46. Learn to play and instrument, however poorly. Take lessons. It will help your other creative endeavors and you may just love it.
a. Or start life as a performer?
47. Turn off the television
48. Go whale watching
49. Read the newspaper every day
50. Go to nursing homes and hang out with the elderly every now and then.
51. Keep a journal
52. Record an album of original music and lyrics and keep it for posterity, even if the quality is poor
53. Send hand-written thank-you notes
54. Visit your friends where they live now, and enjoy the time catching up
55. Learn to take good pictures and throw out the ones that are bad so they don’t clutter up your desk
56. Join a local softball, hockey, basketball, or volleyball league. And play nice.
57. Build your personal library
58. Give away your stuff.
59. Come up with a realistic and workable filing system so you know where important things are and you can find them when you need them.
60. Disable your call waiting and just talk to whoever you were talking to in the first place.
61. Be mindful of the gas level in your car (and do something about it!)
62. If you’re married, don’t wait too long to have kids.
63. Call people older than you “sir” and “ma’am” just to be courteous
64. Listen to good teaching tapes
65. Fast once a month
66. Clean your refrigerator and your bathroom regularly
67. Volunteer
68. Know where the best parks and used bookstores are in your town and visit them frequently
69. Camp out every once in a while, and enjoy sleeping under the stars
70. Always buy used cars.
71. Hang up a world map somewhere in your home
72. Celebrate holidays for the real reasons they were created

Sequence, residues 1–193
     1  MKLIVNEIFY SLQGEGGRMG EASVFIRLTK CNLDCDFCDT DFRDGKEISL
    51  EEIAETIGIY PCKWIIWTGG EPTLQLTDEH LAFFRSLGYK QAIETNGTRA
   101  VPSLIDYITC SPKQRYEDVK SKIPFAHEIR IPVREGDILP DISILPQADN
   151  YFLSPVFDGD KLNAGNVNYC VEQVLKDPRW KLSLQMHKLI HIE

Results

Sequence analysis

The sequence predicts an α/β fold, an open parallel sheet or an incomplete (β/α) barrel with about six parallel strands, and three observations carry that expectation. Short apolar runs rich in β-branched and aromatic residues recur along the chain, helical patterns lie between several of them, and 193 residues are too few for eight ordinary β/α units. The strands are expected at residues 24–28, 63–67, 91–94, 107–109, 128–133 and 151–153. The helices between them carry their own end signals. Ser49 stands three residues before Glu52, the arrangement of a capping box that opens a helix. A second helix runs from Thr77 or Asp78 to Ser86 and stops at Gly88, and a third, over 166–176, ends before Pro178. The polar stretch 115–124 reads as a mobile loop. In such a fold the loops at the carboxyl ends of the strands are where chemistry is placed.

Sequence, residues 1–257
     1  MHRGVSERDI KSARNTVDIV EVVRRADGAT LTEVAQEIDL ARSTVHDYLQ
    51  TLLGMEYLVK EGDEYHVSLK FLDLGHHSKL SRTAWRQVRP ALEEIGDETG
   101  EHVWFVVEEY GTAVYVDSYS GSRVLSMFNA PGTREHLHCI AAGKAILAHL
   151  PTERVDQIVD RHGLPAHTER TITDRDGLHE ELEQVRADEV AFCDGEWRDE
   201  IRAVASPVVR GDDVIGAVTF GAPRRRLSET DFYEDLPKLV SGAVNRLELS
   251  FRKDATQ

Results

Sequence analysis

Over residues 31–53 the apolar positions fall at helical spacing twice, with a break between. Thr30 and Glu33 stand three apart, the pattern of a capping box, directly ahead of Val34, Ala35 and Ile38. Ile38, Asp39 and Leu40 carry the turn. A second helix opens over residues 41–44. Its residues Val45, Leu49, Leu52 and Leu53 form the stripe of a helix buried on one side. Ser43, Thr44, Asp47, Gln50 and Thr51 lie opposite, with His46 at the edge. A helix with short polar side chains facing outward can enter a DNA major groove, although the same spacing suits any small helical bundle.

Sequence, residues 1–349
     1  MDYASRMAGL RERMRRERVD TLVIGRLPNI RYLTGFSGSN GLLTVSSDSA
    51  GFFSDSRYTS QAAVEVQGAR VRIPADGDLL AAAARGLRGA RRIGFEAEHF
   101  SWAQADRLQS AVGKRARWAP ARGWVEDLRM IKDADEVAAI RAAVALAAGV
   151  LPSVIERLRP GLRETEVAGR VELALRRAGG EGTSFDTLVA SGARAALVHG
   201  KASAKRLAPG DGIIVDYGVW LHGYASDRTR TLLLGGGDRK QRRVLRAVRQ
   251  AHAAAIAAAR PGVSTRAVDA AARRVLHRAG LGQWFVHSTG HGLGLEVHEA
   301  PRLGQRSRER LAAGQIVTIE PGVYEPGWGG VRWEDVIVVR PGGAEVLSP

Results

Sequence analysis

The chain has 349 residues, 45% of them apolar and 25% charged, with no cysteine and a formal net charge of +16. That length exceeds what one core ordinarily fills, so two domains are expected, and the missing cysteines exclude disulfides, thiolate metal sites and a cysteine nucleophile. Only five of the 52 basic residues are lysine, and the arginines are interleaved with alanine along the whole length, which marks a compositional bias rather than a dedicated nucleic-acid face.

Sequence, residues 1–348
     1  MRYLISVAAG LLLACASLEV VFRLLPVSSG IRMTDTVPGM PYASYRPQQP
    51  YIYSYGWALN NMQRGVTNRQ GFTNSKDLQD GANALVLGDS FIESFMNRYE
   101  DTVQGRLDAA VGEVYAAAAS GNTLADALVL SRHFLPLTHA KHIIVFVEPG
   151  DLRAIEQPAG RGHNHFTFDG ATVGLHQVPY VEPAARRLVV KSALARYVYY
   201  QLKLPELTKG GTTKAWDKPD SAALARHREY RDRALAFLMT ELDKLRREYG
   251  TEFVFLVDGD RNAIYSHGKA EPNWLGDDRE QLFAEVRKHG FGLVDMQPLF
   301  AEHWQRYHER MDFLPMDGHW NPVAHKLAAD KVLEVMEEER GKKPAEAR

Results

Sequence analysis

73. At least once a month or so, get up early and make sure you see the sun come up
74. Keep a “People and Praise” file so that when you get notes of thanks and affirmation, you can keep them for when you’re feeling blah
75. If you’re single, invite over your married friends; if you’re married, invite over your single friends.
76. Eat popcorn and apples on Sunday nights.
77. Attend community theater, no matter what the review in the local paper says
78. Call talk-radio shows and make good points if you get on
79. Allow people at least one quirk
80. Start a book club with nonbelievers
81. Be gracious (especially in public) when you don’t get your way.
82. Sew together a blanket out of all your old t-shirts so you don’t have to throw them away just because you don’t wear them anymore.
a. Learn to Sew usable apparel
83. If you have a hobby, invest in good equipment so you can do it well
84. Throw a surprise party for someone
85. Try to develop the habit of eating meals at the same times each day
86. Get a library card and use it at least once a month
87. Take walks
88. Get to know the person who delivers your mail
89. Go to free art shows and pretend you’re at the Louvre
90. Get some of your wedding pictures taken in black and white
91. When you eat out, forgo the chains and support local establishments
92. If you own a vehicle, keep it from becoming a pigsty
93. Go to the dentist and the eye doctor regularly
94. Bring doughnuts or bagels to the office for your coworkers every now and then
95. Sing hymns or original songs to your kids before you go to bed.
96. Seek out someone to mentor you
97. Look at your baby pictures and reflect on where you’ve been since they were taken
98. Talk to store clerks
99. Start to memorize the Westminster Shorter Catechism
100. In everything you do, seek to answer the question, “Who am I?”